You may have noticed a new look to some of the emails and communications that you’ve received from us recently. DWC is now DWTC That’s right, DWC has added the letter “T” to our name to be known as “Distributor Wire & Tray Cable” (DWTC). We are excited about this new moniker and what it means for our valued distributor partners! A few months ago, the decision was made .
Distributor Wire & Tray Cable (DWTC) is excited to introduce you to its newest Account Manager to join the team, Jake Audorff. Originally from the Midwest, Jake hails from Mahtomedi, MN, where he was born and raised. After high school, he attended the University of Wisconsin-Eau Claire. He studied marketing with an emphasis in sales. When he graduated, he accepted a job offer in Denver, CO with a plastics .
What comes to mind when you think about Labor Day? It could be taking a vacation with your family or maybe grilling out at home with friends. Steve Dodds, Logistics Specialist at Distributor Wire & Cable (DWC) in Denver, enjoyed his Labor Day weekend by Giving Back, A Lot to the homeless community. Year after year, the homeless population in Denver, CO is increasing. Armed with compassion and care .
A quick primer on this highly popular product group! When it comes to functionality and diversity among specialty wire and cable products, tray cable stands out as a clear winner. VNTC tray cable can be found in a wide variety of commercial buildings, manufacturing facilities, and exterior applications. These versatile products are approved for installation aerially, supported by a messenger, in conduits, raceways, wireways, ducts, and cable trays. For .
Simple tactics for distributors to expand trust, affinity and profits from your best customers. As someone who works for a company focused on providing incredible service, I’ve witnessed firsthand how important it is to connect with customers. Building relationships is key to learning your customers’ needs and expanding the level of trust that they have in your electrical distributor. This trust is essential to ensuring that these customers keep .
Company sponsored social responsibility days add up to much more than employees doing great things for worthy causes. Volunteering is a key part of any corporate community outreach program and can improve company culture in many ways. Taking time to Give Back, A Lot shows what your company stands for, improves employee attraction/retention, enhances teamwork, and helps build your brand. All these factors benefit your distributor’s bottom line while .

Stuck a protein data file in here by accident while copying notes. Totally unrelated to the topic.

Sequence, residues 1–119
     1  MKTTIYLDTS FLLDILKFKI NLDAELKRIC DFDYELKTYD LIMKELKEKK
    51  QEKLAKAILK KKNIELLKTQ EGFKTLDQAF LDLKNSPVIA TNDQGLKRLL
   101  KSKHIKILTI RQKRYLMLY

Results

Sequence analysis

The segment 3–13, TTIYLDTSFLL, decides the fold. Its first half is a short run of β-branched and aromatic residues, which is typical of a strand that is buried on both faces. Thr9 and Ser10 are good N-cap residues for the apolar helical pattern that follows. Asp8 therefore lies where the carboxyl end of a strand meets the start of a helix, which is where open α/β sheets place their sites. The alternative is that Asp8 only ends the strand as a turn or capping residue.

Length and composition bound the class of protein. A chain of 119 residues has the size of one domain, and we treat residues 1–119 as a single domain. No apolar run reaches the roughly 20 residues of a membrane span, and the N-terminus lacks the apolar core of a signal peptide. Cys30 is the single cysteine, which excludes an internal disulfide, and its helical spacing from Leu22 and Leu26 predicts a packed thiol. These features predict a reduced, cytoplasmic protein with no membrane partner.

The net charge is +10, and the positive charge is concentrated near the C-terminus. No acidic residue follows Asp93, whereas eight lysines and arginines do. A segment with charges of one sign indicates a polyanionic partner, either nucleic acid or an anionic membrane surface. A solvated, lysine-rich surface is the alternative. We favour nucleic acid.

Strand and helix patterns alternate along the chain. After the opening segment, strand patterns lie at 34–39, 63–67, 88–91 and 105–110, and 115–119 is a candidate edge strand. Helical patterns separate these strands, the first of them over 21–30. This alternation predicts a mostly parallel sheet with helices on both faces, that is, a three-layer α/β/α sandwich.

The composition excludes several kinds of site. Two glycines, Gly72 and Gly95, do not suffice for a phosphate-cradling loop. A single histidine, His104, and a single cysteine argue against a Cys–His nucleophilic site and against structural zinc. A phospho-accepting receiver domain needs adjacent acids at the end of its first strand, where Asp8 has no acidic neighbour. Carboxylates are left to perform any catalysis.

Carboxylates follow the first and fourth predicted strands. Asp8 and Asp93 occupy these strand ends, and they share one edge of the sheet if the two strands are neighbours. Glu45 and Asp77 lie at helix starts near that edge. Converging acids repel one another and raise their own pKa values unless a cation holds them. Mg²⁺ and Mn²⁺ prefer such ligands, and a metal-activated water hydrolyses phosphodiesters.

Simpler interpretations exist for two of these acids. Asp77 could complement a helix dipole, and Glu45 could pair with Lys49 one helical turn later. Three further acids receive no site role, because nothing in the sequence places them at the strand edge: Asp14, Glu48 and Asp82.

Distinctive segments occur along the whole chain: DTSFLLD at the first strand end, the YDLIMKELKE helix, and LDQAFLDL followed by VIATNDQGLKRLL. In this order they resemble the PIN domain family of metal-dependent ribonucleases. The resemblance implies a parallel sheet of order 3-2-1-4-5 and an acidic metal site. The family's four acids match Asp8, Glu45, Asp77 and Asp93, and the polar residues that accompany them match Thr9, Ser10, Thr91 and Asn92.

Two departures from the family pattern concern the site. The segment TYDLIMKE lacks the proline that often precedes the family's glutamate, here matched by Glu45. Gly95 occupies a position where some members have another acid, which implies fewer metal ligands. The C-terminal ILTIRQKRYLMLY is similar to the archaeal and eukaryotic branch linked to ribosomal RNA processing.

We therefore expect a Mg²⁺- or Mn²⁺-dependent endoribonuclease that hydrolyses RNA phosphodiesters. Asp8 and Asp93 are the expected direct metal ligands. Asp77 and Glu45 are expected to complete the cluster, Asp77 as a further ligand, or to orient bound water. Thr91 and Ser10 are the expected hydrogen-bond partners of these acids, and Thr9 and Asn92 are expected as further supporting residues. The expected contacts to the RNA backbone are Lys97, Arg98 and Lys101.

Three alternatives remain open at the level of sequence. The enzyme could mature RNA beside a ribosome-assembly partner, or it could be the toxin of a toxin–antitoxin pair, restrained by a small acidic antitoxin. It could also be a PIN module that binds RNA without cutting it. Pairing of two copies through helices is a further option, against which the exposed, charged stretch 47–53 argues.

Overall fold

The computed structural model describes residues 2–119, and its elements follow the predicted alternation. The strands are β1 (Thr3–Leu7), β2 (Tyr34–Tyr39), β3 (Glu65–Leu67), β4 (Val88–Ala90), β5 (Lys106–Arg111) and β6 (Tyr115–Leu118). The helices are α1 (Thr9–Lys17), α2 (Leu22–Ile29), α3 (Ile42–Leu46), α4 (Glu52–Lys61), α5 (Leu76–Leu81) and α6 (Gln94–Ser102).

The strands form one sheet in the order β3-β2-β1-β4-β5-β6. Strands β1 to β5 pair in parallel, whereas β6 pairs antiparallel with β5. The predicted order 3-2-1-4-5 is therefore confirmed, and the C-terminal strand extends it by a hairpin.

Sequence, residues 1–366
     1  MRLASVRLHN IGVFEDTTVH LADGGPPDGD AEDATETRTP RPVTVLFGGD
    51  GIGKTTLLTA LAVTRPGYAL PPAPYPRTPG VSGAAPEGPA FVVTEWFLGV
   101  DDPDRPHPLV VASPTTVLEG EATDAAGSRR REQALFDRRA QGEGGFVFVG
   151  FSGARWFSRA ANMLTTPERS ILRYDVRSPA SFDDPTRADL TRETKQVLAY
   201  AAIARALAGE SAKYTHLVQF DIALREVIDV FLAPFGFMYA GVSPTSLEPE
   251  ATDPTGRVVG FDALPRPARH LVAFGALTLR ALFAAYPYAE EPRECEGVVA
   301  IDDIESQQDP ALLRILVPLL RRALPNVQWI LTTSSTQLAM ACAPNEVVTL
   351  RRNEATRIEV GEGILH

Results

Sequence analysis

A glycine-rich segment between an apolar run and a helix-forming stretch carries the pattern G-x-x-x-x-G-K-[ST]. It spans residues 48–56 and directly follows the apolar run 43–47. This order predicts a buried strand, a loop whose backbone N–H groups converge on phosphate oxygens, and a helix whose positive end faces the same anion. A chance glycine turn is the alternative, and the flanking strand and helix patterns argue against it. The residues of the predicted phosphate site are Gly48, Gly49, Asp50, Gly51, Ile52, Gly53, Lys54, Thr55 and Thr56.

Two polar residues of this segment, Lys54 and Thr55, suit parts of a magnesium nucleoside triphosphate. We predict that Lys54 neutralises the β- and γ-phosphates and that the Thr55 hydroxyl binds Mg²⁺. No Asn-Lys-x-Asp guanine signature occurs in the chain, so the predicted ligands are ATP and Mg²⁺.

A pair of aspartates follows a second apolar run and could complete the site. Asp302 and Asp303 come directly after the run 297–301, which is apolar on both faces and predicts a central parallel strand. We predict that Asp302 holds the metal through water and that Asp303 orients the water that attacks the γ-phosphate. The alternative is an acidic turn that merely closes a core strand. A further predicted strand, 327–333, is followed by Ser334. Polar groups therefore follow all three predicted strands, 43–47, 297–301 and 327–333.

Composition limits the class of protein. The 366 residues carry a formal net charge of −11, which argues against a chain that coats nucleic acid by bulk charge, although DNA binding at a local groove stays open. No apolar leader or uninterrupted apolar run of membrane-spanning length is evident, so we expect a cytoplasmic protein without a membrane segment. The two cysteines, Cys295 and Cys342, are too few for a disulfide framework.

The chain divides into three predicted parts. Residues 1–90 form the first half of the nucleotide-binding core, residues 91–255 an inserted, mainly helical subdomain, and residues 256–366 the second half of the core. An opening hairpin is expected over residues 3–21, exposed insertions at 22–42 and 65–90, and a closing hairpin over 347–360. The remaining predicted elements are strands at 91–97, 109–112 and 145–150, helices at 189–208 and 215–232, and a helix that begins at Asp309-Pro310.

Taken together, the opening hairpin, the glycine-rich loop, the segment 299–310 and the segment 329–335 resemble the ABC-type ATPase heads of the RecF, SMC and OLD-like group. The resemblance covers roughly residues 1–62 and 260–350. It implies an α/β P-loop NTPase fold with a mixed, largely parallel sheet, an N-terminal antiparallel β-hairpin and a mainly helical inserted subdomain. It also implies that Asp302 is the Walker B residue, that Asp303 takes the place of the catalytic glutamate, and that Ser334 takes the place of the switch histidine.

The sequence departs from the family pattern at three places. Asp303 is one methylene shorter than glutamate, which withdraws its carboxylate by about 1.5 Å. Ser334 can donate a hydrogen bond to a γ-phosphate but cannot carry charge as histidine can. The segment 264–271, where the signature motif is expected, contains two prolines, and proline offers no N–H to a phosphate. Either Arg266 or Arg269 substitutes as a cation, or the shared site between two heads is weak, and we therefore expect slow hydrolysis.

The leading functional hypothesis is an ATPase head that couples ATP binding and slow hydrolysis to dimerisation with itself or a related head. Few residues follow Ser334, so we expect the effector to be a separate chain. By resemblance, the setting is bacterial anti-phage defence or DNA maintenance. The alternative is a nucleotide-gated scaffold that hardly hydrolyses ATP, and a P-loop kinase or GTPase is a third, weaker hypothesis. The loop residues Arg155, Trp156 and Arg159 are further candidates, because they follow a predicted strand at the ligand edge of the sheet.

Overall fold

Any salesperson that works in the electrical distribution space knows that there never seems to be enough hours in the work week to check everything off your to-do list. On any given day, you’re likely being pulled in numerous directions while trying to get work done between meetings, emails, and administrative tasks. To help you work more efficiently, here are 5 simple tips that can increase productivity and maximize .
For electrical distributors, one of the most well-known types of cable is building wire. It is generally used to carry electrical current to all external uses of power in a building or a dwelling. This product is utilized in the construction of almost every industrial, residential and commercial building. The most popular type of building wire is THHN/THWN. It’s so versatile, it’s used for wiring machine tools, control circuits .
An excellent perk to reward hard work! For any company, hiring, developing, and retaining good employees is essential to business success. A staff of seasoned, experienced professionals who have mastered their work over several years is better equipped to provide outstanding service to customers. When a company operates with a revolving roster of new hires, the “experience factor” tends to be missing and customer service suffers. There’s much to .
Distributor Wire & Cable (DWC) is thrilled to announce that our sales team has grown once again with the addition of Account Manager, Sarah Anthony. Raised in the midwest, Sarah hails from Janesville, WI. where she grew up surrounded by her family’s concrete business. Sarah became fond of working with her hands and the physical challenge of concrete work. After high school, she went to college at the University .